With eased coronavirus restriction allowing for more diners in South Australian restaurants, cafes and pubs, larger businesses will soon have more clarity around the number of customers they can accommodate.
With the state's second stage beginning on June 5, Premier Steven Marshall said the "more flexible" guidelines will be released on Monday.
Larger hospitality venues with multiple segregated areas will have a clearer understanding if they can accommodate 20 people per section as opposed to it being the total patron number.
"We are very open to anything we can do to get businesses back to profitability," Mr Marshall said.
"The continued good result and high level of testing have given us a lot of confidence."
The stage two protocols extend to beauty salons, gyms and churches and will see cinemas and theatres open.
Mr Marshall said the responsibility of interpreting and implementing the guidelines would rest upon individual businesses, ensuring the venue is COVID-safe.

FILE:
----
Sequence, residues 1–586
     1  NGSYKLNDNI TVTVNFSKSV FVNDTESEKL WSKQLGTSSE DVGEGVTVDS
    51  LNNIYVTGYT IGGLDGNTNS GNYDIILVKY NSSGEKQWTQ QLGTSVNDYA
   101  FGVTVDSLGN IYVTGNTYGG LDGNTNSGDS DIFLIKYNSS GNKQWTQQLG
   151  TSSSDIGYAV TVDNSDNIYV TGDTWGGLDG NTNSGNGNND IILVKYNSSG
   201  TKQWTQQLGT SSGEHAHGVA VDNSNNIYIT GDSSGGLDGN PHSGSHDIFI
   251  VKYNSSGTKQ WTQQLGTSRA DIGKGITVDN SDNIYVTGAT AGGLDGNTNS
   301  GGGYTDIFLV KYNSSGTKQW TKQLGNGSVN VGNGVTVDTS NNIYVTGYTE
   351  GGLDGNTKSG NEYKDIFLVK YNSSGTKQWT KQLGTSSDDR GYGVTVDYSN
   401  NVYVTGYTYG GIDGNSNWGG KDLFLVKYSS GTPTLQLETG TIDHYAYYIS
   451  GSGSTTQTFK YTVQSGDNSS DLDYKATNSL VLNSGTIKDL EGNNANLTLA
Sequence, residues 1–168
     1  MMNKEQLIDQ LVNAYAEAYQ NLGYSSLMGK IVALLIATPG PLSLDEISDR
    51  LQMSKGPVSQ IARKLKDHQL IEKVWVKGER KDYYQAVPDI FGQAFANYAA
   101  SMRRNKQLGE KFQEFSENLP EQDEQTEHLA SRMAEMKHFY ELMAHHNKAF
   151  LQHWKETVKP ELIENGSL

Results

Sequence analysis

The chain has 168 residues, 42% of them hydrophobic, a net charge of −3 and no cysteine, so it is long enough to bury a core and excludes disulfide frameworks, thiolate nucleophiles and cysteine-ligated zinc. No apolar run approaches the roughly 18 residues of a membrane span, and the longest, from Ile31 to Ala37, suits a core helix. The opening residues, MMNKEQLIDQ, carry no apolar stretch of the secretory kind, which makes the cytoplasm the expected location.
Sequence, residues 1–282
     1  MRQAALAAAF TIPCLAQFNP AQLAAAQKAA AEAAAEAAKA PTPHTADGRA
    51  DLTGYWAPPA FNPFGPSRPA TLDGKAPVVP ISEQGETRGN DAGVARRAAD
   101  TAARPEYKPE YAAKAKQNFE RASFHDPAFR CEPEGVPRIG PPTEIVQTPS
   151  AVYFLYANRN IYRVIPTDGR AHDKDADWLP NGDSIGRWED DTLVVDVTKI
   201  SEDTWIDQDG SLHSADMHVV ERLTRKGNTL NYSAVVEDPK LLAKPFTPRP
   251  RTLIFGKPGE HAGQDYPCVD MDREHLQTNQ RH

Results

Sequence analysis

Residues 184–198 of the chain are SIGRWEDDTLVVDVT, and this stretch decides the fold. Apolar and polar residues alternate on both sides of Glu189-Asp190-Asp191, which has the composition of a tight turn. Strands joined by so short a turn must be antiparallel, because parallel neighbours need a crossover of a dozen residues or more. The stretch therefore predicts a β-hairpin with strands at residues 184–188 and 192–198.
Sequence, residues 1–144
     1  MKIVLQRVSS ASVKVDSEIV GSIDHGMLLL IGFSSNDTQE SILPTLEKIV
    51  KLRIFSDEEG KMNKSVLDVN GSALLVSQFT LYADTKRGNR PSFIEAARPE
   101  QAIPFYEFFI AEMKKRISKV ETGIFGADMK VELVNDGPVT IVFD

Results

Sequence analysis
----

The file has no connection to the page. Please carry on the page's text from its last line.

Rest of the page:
Despite the state government's delayed decision and ambiguity around which venues could trade under newly eased restrictions, Mr Marshall said businesses were "delighted" to be open and would not be compensated.
The Labor opposition called for the government to do the right thing by affected establishments and make up for its blunder.
"It was too confusing for businesses and consumers," Mr Marshall said on Saturday.
"Because we were getting continued improved results, we thought we should just extend that opportunity for all dining establishments."
Under the new restrictions, which began on Friday, venues could hold 10 indoor and 10 outdoor seated patrons.
That morning, Mr Marshall clarified only businesses holding a restaurant and catering licence could accommodate the additional 10 customers.
A backflip decision was made late Friday afternoon, allowing all venues with a liquor licence, including wineries, pubs and small bars, to trade under the direction.
There were no new coronavirus cases - for the 16th consecutive day - reported on Saturday with the state's total remaining at 439.
There have been 88,500 tests conducted since February.
Plans to reopen the state's two zoos are also in the final phases, with Adelaide Zoo in the CBD to open first.
Australian Associated Press